You'd think an artist as prolific as Ryan Adams has been in the last few years would find it difficult to stick to a certain kind of genre over the course of an album. And indeed, his sprawling major-label debut, "Gold," included everything from a Stones-y rave up to soulful ballads tinged with Van Morrison. After spelunking into 1990s style rock on "Rock n Roll" and dirgeful melodrama on "Love Is Hell," however, Adams is making some of the most focused - and best - music of his career. "Jacksonville City Nights" is the countrified cousin to "Cold Roses" the jam-band-y double disc he released earlier this year with his band, the Cardinals.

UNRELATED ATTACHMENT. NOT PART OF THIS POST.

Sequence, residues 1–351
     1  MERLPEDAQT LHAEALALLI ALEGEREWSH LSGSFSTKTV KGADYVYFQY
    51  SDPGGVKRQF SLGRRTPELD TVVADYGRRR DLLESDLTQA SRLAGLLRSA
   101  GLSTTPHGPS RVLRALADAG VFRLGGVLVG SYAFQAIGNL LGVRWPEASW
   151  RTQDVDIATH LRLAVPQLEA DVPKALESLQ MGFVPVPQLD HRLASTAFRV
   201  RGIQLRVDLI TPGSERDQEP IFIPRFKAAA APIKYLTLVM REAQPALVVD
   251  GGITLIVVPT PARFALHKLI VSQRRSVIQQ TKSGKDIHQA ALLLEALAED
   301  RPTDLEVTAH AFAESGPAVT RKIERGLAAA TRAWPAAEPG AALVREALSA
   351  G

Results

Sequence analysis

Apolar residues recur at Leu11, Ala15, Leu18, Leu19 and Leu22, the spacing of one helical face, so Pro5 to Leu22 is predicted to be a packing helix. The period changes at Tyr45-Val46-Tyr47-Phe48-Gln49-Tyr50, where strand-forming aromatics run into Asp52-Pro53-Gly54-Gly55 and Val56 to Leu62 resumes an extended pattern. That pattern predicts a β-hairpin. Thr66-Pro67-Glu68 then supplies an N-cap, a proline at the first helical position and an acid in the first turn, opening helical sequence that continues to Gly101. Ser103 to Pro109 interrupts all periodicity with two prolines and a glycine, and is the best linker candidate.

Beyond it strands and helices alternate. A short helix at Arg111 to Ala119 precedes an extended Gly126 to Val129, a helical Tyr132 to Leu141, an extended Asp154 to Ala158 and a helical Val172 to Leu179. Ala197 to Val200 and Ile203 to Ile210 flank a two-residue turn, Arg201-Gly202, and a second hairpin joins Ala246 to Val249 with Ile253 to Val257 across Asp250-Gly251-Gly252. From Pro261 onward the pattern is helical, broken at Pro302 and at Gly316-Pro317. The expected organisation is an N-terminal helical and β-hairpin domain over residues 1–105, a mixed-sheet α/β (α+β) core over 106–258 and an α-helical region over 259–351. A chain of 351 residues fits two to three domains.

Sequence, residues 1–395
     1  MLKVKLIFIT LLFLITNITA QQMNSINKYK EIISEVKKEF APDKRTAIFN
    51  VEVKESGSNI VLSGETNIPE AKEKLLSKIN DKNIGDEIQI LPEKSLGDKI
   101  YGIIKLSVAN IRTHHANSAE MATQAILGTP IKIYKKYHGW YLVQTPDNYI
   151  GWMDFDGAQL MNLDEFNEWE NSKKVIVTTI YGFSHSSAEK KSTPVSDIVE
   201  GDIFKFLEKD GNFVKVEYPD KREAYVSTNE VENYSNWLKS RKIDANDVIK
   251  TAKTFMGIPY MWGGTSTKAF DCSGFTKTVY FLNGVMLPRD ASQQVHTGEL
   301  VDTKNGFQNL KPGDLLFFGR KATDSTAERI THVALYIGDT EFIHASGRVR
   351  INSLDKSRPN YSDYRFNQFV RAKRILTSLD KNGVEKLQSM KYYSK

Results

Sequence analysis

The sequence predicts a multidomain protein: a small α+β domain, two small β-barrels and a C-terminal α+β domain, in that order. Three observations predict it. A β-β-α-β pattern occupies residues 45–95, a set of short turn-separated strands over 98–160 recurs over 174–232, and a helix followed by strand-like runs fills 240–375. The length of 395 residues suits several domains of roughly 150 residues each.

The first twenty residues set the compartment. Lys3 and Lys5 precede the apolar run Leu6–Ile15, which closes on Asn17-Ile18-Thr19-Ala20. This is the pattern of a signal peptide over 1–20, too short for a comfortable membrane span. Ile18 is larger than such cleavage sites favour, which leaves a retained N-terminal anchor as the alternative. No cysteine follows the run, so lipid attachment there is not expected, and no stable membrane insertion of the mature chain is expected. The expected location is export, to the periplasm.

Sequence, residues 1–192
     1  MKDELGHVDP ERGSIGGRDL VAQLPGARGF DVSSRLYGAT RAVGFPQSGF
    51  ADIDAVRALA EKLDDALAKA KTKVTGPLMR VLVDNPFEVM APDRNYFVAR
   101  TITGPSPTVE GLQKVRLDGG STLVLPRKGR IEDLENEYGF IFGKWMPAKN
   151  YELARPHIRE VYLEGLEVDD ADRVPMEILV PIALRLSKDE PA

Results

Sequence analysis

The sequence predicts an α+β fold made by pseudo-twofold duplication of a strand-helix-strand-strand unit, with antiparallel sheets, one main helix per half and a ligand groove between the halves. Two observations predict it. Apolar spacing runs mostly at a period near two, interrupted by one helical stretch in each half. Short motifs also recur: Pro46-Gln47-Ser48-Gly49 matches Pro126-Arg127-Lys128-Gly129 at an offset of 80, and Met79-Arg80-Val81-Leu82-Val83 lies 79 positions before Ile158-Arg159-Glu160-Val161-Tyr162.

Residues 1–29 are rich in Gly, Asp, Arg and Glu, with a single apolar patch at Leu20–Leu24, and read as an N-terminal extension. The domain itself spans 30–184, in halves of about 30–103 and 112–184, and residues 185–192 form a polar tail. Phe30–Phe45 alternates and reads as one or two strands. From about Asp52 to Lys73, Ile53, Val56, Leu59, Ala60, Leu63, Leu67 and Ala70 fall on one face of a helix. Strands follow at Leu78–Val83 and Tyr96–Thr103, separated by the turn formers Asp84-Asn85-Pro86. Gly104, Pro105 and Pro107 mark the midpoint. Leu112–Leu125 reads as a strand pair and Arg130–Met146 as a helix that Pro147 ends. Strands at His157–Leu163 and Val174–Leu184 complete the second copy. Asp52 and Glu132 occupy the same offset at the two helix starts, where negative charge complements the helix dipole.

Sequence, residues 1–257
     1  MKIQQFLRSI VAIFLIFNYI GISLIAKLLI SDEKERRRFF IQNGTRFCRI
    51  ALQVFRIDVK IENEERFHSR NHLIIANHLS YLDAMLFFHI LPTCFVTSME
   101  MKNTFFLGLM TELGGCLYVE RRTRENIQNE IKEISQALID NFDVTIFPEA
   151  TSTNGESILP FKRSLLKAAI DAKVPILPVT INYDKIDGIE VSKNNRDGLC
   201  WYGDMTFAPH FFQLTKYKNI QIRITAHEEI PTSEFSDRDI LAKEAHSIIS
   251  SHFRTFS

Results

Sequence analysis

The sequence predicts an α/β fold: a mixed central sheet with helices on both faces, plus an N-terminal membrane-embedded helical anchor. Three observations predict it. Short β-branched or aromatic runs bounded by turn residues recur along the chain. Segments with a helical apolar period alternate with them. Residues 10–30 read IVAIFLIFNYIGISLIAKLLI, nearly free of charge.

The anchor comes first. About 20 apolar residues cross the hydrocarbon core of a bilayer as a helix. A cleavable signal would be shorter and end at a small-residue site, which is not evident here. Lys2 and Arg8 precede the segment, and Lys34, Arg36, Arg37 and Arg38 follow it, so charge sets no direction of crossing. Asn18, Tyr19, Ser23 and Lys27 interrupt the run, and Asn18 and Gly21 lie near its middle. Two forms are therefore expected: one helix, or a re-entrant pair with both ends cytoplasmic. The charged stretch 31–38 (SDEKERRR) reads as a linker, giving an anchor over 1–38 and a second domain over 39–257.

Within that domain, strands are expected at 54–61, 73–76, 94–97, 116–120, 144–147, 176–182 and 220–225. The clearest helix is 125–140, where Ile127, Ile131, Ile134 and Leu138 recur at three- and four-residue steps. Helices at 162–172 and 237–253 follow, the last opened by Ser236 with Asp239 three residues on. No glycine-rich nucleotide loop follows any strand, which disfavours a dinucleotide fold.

Where "Roses" contained echoes of the Grateful Dead, "Jacksonville" pares things back to simple country laments and rambles, such as "Trains" or "A Kiss Before I Go," which reminds one of Gram Parsons' solo work. Adams goes for broke on some of his vocal turns, while the band sounds close and crammed together - a good thing. Adams' more rock-oriented fans may not take to this album as quickly, but it shows him in great spirits and in the midst of a streak. He's due to release a third album this year, and we'll have to see where it takes him.